A cancer survivor built a wellness platform using the WeWork network

Kathleen Brown built Buddhi to educate friends and family about the kind of support patients actually need

We to We features members who have built their companies on the WeWork platform. 

Kathleen Brown hopped on a video call from a car in Los Angeles after meeting with a fellow WeWork member and potential partner for Buddhi, the community-powered wellness platform Brown is creating for cancer survivors and their loved ones. She was in L.A. on a business trip from Chicago to meet with prospective partners for her business, many of whom she met through her connections at WeWork. “Anything I don’t know how to do myself, I put out to the WeWork community and someone is able to help,” she says. 

When Brown was young, she was diagnosed with a rare form of bone cancer and within three months was given her last rites at a local hospital. During her 15 months of treatment at St. Jude Children’s Research Hospital, she was inundated with flowers and get-well cards from well-intentioned supporters. “People show their support in the way they know how to,” she says. “But it made me feel sicker, pitied, and also ashamed that I was not fully appreciating their support.” 

Miraculously, Brown made a full recovery after finishing her treatment in December 1996. She started sharing her story at fundraising events, and later took on a variety of volunteer and professional roles at St. Jude.

She began working from a hot desk at WeWork 220 N Green St in Chicago in April 2017 while working at St. Jude. Through St. Jude and WeWork, she connected with many people who had been touched by cancer and who were looking for a support system. “A cancer diagnosis does not come with a get-well guidebook,” she says. “And I kept thinking: How can we empower friends and families of those who are sick to invest in the kind of support that their loved ones actually need?” 

That question became the genesis of her company Buddhi, a wellness platform for those whose lives have been touched by cancer: patients, survivors, family, and friends. “The platform aims to reduce stress for patients and loved ones, so they can find support that is personal to their needs,” she says. Brown wants to provide survivors with resources and a network of other survivors and patients, and to help friends and families understand the kind of support that is most helpful to patients.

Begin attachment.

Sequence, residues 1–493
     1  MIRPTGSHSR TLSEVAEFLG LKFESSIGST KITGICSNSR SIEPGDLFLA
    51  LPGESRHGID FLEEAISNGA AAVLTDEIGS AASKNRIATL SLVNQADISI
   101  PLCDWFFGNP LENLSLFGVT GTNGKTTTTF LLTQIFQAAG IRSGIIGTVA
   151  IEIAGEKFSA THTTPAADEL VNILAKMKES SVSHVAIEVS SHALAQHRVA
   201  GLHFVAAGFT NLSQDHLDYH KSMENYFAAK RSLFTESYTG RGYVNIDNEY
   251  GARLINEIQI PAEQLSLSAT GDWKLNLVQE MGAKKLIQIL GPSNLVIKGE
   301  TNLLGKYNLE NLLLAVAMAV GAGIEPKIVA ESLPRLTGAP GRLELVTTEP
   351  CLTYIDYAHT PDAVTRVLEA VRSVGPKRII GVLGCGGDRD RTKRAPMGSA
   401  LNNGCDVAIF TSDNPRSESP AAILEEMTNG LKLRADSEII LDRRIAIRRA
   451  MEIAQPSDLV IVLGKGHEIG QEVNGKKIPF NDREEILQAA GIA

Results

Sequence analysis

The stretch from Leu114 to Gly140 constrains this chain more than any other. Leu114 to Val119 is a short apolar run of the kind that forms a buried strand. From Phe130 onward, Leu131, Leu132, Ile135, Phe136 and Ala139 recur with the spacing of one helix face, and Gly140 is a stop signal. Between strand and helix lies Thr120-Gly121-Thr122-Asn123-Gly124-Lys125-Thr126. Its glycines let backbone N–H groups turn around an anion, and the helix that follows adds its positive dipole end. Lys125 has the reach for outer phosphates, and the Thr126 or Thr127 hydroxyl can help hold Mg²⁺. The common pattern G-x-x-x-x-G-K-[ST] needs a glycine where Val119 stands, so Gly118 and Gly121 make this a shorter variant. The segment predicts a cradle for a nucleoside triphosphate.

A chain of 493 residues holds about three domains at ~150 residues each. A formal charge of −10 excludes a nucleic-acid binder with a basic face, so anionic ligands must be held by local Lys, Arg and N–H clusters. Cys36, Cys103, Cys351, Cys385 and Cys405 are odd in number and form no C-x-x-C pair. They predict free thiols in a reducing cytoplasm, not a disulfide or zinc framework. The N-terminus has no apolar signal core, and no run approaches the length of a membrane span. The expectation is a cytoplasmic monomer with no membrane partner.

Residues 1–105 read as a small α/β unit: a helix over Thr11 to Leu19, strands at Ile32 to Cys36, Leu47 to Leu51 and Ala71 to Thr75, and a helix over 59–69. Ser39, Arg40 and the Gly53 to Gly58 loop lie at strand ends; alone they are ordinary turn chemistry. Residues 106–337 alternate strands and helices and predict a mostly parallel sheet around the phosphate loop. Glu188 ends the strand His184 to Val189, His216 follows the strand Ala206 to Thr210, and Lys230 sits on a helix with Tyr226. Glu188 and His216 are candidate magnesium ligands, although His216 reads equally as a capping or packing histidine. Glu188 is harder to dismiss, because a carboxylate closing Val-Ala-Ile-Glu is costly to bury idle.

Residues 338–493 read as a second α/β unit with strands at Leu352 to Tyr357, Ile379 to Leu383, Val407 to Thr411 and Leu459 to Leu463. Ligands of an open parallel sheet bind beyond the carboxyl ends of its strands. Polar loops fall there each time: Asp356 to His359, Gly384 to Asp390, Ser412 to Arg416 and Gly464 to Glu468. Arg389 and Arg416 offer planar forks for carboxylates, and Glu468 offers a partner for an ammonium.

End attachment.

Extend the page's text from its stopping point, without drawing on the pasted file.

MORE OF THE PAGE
“I was not a born entrepreneur, and I never thought I would start a company,” Brown says. But after dealing with long-term side effects that were related to her treatment, she spoke with the WeWork community team about her idea. They immediately wanted to help, encouraging Brown to start talking to other WeWork members. Through the help of the community team and the WeWork member network, she was able to find investors, business partners, financial advisers, and a web company to design the brand and site. Even the photographer for her website is a fellow WeWork member. 

Alex Ford-Carther, a WeWork member and the cofounder of Coder, a venture development platform that works with early-stage businesses, was introduced to Brown by the community manager at their building. “We could tell Brown was not only passionate and knowledgeable about the idea, but that she also had the business experience and fortitude to execute,” Ford-Carther says. Since their introduction in March 2019, Ford-Carther and his team helped Brown define Buddhi’s brand, build out her pitch deck and financial model, and design the user interface. “Every interaction I’ve had with Brown is genuine and pure,” he says. “There’s no doubt Buddhi will be successful as well.”

Brown left her job at St. Jude in April 2019 to pursue Buddhi full-time and got a hot desk in the same location to maintain her network. She plans to launch the platform by early 2020. On the site, cancer patients and survivors will be able to access resources for their mental and physical health, while their friends and family can learn what type of support would make the most difference. For example, rather than flowers, supporters will be able to send a subscription to a meditation app or superfood mixes. 

Brown is planning a soft beta launch to work out the kinks and get feedback from early users. “We already have a wonderful community of supporters through my own network, through St. Jude, and through WeWork,” she says.

“Kathleen Brown truly embodies the word community,” says Lori Covey, a community lead at WeWork 515 N State St in Chicago who has grown close to Brown. Brown recently signed for a three-person office at the newly opened WeWork 625 W Adams Street in Chicago, where she’ll debut the official headquarters for Buddhi in November. “I never would’ve had the courage to leave my job if I hadn’t had the security of the WeWork community,” Brown says.

Jenna Wilson is a senior associate on the social media team at WeWork and a writer for Ideas by We. She writes about impact, sustainability, and WeWork’s employees around the world.

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